You had to be there : extending intergroup contact theory to positive contexts through a participant-centered analysis of fans’ experiences at the Olympics / Luke Brenneman

Brenneman, Luke

Edited by ProQuest / UMI. Ann Arbor - 2017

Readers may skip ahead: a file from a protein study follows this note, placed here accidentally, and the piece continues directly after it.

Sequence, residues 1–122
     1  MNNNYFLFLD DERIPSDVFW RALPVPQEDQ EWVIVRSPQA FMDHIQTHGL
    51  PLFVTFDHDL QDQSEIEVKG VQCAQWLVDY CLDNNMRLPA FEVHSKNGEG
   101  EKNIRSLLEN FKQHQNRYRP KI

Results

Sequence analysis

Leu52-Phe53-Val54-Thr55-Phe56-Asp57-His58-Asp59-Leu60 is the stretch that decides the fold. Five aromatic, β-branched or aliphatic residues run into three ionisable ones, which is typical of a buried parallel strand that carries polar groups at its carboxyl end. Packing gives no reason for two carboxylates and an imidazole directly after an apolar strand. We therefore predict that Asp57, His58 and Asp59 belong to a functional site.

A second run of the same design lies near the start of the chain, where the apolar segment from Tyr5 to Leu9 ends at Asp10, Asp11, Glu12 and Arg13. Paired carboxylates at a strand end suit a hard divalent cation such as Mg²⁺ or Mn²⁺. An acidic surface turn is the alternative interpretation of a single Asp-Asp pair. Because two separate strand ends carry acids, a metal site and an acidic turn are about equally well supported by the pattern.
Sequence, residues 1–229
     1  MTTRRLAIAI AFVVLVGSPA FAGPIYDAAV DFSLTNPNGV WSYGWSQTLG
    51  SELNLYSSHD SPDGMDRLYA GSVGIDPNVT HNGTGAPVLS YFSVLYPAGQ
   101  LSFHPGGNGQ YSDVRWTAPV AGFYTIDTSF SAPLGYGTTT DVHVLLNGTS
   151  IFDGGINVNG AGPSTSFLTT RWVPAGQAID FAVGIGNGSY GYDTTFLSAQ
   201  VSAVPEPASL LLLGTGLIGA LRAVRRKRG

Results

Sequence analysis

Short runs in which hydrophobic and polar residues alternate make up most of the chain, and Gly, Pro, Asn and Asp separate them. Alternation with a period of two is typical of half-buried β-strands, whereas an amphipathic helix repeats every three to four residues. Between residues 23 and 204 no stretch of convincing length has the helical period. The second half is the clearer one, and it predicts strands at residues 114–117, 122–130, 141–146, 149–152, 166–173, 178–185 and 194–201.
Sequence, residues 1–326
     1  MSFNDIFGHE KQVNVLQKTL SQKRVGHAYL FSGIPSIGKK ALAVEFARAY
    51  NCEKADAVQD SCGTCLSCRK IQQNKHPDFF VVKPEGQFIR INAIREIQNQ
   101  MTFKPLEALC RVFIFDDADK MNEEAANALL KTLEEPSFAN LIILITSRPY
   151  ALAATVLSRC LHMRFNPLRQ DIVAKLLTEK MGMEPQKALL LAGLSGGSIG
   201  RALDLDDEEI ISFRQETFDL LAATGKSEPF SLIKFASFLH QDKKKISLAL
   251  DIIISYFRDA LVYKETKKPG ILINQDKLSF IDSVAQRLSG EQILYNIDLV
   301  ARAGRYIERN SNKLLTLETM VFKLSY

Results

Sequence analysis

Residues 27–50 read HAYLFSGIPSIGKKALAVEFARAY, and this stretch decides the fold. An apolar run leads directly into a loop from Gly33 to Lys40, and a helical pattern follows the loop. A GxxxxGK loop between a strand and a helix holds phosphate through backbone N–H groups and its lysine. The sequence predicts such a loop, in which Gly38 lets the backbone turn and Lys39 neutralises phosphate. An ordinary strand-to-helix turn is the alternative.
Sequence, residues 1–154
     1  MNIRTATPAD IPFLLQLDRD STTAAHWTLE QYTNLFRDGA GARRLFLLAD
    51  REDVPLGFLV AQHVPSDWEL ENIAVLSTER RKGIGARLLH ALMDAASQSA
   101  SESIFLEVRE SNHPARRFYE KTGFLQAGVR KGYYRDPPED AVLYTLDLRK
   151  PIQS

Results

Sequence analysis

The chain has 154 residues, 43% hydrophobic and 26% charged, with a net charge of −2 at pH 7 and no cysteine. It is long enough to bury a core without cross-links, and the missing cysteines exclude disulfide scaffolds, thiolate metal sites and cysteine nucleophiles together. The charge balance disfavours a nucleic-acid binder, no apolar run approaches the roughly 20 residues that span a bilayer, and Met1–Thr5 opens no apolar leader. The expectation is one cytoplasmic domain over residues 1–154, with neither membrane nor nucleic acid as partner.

This dissertation investigated positive intergroup contact and communication in the experiences of fans at the 2016 Summer Olympics in Rio de Janeiro, Brazil. Guided by concepts from intergroup contact theory (ICT), formerly Allport’s (1954) contact hypothesis, the author asked fans to identify and discuss factors that were relevant to their experiences at the event. These factors are reported in previous literature to foster positive intergroup relations. The fan participants also provided detailed, experience-based rationales for why and how the factors supported each other and created individual models of their experiences of ICT at the Olympics. The study relied on participant-centered, in-depth qualitative interviews using interpretive structural modeling (ISM) software. Based on an integration of ICT, communication theories, social capital concepts, and calls from the International Olympic Committee (IOC) and mega-sporting event industry, the dissertation sought to answer four research questions. It started with a broad approach to the array of previous scholars’ ICT factors in order to identify what factors were present and relevant in fans’ experiences. It also sought to understand why and how the factors worked together by analyzing the ways factors related to and supported each other in Olympic fans’ experiences and producing a composite metastructure of the factors’ relationships. Additionally, through thematic analysis, the research explored where and when in fans’ experiences the factors emerged and were active. Finally, the study identified the functions that each ICT factor served in fostering positive intergroup contact and communication and offered suggestions for practitioners and organizers of intergroup contexts. The study aimed to make theoretical contributions by addressing gaps and calls in ICT literature, as well as practical contributions by ii providing insight about how to organize intergroup contexts to foster positive contact and communication. In addition to addressing its research questions, the study provided a comprehensive list of previous scholars’ ICT factors, a preliminary, tentative model of ICT for ideal intergroup contexts adapted from Pettigrew’s (1998) model of group membership transformation for problematic contexts, and promising future directions given the unique, ideal, and unexplored features of the Olympics.

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